That’s a lot of issues for a company that continues to charge top dollar, push prices up, and boast a reputation as a pioneer in quality assurance.
Obviously, and for whatever reason, there is a problem somewhere in Apple’s quality management process.
Quality control and management is important to ensure the customer gets the value they deserve, and quality management standards like those defined by the ISO 9000 family exist to make quality management work better.
In this article, I’ll be looking at the ISO 9000 family of quality management standards, breaking down the basics and giving you a few free checklist templates to get you started with your own quality management system.
His prediction focused on the problem of the amount of energy being consumed, against the amount of energy being produced (as well as available sources of energy production) alongside the projected boom of human population to around 8-10 billion by 2050.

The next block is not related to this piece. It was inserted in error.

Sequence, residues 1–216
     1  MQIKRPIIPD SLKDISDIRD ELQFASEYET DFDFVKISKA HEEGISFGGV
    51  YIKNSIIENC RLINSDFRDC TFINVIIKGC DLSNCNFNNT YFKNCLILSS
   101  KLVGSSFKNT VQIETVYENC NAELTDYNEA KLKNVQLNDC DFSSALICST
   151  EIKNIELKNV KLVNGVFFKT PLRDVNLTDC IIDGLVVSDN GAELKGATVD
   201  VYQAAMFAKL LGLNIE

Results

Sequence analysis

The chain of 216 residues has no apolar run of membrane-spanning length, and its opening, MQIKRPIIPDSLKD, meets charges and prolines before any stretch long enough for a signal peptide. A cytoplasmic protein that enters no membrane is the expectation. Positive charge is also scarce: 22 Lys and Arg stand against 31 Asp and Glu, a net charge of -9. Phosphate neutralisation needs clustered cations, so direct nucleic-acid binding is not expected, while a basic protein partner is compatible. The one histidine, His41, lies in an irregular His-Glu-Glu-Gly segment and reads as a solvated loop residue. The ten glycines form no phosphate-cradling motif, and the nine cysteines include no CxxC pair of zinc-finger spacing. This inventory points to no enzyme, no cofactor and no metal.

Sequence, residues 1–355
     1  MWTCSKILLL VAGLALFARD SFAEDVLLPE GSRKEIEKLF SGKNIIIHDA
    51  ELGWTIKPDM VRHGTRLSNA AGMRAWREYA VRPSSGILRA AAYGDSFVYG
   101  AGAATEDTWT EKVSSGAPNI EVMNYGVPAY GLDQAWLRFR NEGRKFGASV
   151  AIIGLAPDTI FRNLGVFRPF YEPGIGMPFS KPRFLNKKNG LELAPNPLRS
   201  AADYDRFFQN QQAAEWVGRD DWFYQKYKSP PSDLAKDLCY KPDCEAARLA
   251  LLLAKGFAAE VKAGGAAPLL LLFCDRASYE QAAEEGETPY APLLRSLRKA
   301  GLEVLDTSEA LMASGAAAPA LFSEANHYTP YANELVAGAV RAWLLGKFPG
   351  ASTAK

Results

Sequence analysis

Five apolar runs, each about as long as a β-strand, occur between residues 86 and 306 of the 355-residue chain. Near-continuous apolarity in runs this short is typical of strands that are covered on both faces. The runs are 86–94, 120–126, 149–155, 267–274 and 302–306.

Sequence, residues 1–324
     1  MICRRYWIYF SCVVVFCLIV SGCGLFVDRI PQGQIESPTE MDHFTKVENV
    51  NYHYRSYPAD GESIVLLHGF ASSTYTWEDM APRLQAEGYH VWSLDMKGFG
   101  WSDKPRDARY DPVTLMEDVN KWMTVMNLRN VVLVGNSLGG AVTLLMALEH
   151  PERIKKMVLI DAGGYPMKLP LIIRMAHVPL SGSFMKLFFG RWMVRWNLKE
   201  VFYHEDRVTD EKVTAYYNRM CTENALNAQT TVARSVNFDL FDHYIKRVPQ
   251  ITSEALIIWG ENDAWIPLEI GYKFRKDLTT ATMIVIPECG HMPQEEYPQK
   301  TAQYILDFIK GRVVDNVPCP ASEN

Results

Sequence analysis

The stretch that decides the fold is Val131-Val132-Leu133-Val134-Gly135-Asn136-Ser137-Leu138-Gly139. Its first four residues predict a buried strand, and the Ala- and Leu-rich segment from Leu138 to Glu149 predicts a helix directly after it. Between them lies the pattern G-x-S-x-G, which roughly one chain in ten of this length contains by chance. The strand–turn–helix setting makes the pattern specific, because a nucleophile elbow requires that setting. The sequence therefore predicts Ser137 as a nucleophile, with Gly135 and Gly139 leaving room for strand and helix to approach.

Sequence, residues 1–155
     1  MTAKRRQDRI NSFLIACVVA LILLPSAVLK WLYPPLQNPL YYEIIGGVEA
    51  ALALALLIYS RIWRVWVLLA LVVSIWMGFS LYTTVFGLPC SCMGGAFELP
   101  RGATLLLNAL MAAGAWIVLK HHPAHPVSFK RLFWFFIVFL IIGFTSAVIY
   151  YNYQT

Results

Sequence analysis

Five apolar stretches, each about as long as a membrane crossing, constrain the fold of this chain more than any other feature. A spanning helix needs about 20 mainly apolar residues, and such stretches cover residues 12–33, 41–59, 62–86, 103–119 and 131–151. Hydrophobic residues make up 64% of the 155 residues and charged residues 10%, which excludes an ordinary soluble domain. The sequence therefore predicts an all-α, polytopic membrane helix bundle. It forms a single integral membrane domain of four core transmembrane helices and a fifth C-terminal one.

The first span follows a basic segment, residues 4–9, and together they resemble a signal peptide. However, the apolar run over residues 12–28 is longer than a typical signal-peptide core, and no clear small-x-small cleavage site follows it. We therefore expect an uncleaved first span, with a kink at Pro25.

In recent years, there has been a resurgence of attention placed on the topic of energy efficiency and the relationship between energy consumption and climate change.
It is an undeniable fact that our global climate is rising in temperature. The science is there to prove it; the United Nations Intergovernmental Panel on Climate Change (IPCC) and many other international organizations have acknowledged that recent years have been the hottest since records began.
As a result, intense weather like heat waves, hurricanes, heavy rains, tropical storms, and rising sea levels all becoming more and more commonplace.
Despite the rising tide of climate crisis, the demand for energy supply is at an all-time high. The global economy is insatiable in its demand for energy to sustain economic growth and development.
How should organizations prepare themselves for the inevitable challenge of sustainable adaptation, and for ensuring they have the tools in place to facilitate the systematic energy management approach that will be the core of efforts to improve energy efficiency in the future.
“Energy efficiency is the most promising means to reduce greenhouse gases in the short term,” – Yvo de Boer, Former Executive Secretary of the United Nations Framework Convention on Climate Change (UNFCCC).
A systems-scale approach is necessary if organizations want to seriously engage with difficult problems facing sustainable business and adapt for the future of energy management.
ISO 50001 is a standard designed to help organizations establish efficient and effective energy management systems (EnMS) and improve energy performance.